Lemieux started her own e-portfolio through Native Student Services at UAA, “and so that’s a work in progress, too,” she said. “I was putting in things like old schoolwork I used for different classes and how I started incorporating the culture into it, papers I’ve written about different things going on in the Alaska Native community.”
But cultural identity portfolios are not limited to indigenous students—any student can create one.
“I’ve met people who are non-Native who strongly identify with a certain culture,” she said. “Maybe they were raised in a village or their parents picked up those values. There’s culture everywhere. Everyone has a culture. It’s just whether or not you recognize it.”
‘Like a prayer’
Lemieux’s awareness of her Tlingit culture began growing in 2013 when she started an internship with First Alaskans Institute and participated in its Alaska Native Dialogues on Racial Equity (ANDORE) project.
“They asked us a simple question: When did you first experience racism?” Lemieux recalled.
Lemieux grew up in Haines, a place she described as a predominantly white and middle-class community.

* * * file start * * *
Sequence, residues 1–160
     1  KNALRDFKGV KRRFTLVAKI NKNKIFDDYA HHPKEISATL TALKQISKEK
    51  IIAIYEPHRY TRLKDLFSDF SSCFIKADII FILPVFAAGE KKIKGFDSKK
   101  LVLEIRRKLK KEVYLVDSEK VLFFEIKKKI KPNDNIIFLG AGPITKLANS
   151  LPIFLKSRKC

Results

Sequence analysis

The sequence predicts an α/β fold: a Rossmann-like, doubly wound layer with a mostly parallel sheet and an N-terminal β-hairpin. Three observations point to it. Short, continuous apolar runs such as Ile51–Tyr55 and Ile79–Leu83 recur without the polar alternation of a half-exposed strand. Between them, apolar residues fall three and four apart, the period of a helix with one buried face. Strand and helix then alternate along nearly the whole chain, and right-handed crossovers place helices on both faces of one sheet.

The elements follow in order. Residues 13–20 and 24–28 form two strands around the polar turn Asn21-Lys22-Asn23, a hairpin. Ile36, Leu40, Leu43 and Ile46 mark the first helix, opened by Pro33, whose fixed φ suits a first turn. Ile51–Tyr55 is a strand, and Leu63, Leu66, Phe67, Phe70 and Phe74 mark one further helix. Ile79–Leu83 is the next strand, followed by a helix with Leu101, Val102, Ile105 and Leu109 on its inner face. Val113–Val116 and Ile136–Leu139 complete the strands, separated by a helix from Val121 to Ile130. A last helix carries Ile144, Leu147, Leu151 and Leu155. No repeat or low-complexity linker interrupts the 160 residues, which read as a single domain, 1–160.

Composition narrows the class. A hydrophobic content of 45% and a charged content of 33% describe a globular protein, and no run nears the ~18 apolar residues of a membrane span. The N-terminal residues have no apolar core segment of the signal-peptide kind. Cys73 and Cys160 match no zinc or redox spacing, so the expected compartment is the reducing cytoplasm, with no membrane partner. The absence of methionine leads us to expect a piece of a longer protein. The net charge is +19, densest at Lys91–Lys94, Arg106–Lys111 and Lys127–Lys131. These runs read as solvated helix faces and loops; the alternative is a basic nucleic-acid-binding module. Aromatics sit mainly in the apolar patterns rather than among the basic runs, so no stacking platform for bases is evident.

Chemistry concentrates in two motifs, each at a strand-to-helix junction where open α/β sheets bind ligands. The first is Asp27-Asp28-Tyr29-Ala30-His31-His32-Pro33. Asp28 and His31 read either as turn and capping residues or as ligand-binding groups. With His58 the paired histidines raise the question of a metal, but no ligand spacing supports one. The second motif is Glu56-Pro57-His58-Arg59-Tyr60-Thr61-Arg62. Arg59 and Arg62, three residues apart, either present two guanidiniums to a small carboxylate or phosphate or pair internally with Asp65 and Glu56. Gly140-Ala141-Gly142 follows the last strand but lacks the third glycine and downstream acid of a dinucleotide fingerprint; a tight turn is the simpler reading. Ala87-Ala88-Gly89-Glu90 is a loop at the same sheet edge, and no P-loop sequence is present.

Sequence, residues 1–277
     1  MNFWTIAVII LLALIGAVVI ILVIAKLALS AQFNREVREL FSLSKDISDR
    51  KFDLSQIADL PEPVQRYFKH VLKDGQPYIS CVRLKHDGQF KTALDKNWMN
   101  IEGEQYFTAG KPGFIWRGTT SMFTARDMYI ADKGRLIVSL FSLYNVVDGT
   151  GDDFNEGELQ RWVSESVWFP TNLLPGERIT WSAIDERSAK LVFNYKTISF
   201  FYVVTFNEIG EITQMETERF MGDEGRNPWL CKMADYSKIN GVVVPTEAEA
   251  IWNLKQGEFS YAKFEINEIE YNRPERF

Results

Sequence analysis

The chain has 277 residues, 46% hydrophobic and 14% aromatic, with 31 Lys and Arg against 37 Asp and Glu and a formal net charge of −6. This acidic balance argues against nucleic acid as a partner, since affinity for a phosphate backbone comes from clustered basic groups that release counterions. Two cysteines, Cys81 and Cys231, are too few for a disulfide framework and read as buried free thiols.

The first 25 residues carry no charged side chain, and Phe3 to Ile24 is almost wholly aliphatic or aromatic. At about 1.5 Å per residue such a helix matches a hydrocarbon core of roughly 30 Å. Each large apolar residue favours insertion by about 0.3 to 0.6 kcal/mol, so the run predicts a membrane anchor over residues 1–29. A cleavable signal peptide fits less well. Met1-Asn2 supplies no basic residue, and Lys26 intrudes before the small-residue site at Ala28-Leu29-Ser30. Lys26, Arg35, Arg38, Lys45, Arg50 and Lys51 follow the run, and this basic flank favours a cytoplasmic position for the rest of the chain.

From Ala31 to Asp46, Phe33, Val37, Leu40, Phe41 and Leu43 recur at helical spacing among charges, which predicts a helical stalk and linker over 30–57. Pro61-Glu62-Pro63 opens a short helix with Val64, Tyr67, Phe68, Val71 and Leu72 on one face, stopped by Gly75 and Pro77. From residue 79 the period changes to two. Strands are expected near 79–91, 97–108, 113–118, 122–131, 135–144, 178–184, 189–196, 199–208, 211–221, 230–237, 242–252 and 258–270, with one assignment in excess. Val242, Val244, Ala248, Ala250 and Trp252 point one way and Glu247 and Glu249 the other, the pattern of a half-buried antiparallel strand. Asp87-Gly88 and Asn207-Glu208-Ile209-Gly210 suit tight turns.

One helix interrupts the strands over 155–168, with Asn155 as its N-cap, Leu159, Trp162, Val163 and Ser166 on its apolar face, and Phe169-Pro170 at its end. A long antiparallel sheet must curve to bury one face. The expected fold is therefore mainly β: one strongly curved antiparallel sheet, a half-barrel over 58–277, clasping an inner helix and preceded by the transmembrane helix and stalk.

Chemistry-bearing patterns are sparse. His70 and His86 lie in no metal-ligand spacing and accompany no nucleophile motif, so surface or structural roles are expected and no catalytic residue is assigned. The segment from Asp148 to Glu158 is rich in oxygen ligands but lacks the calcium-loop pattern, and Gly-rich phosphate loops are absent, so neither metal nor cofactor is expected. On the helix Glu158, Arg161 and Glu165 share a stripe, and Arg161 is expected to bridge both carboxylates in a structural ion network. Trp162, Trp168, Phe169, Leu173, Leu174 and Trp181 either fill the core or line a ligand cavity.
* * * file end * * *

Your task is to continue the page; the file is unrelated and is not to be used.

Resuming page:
“I knew there were differences because I’m Alaska Native and I was right below middle class but wasn’t in extreme poverty,” she said. “I grew up with people who struggled with those things but nobody bluntly talked about racism with me. I actually didn’t have Native friends until I got to college. I wasn’t in denial about racism, I was just oblivious about it.”
The experience awakened a desire to learn more. Lemieux started reading and taking classes about Alaska Native history and started to understand how the past tied to the present.
“You go through a period of anguish and anger,” she said. “Then you finally come out of it and realize, OK, this is what I can do. I can help other people. And I can just bring this topic up because [other people] might not ever hear about it. They could go their entire life and not know what happened in the past, not have the understanding on why things are the way they are. They don’t understand why there are so many social problems in the Native community because they didn’t look back at the history.”
Racism and abuse in years past inflicted serious wounds on Alaska Native communities, and people now are still feeling pain.
“It’s really easy to victim blame, easy to think there’s something wrong with me,” she said. “You have these negative mantras that go through your head: I can’t do it, I’m not good enough, I’m not worthy. And so when someone tells you this happened, that redirects your way of thinking. It’s not OK to talk to myself like that; it’s not OK to hold those beliefs. You gradually pull yourself out with the help of a community.”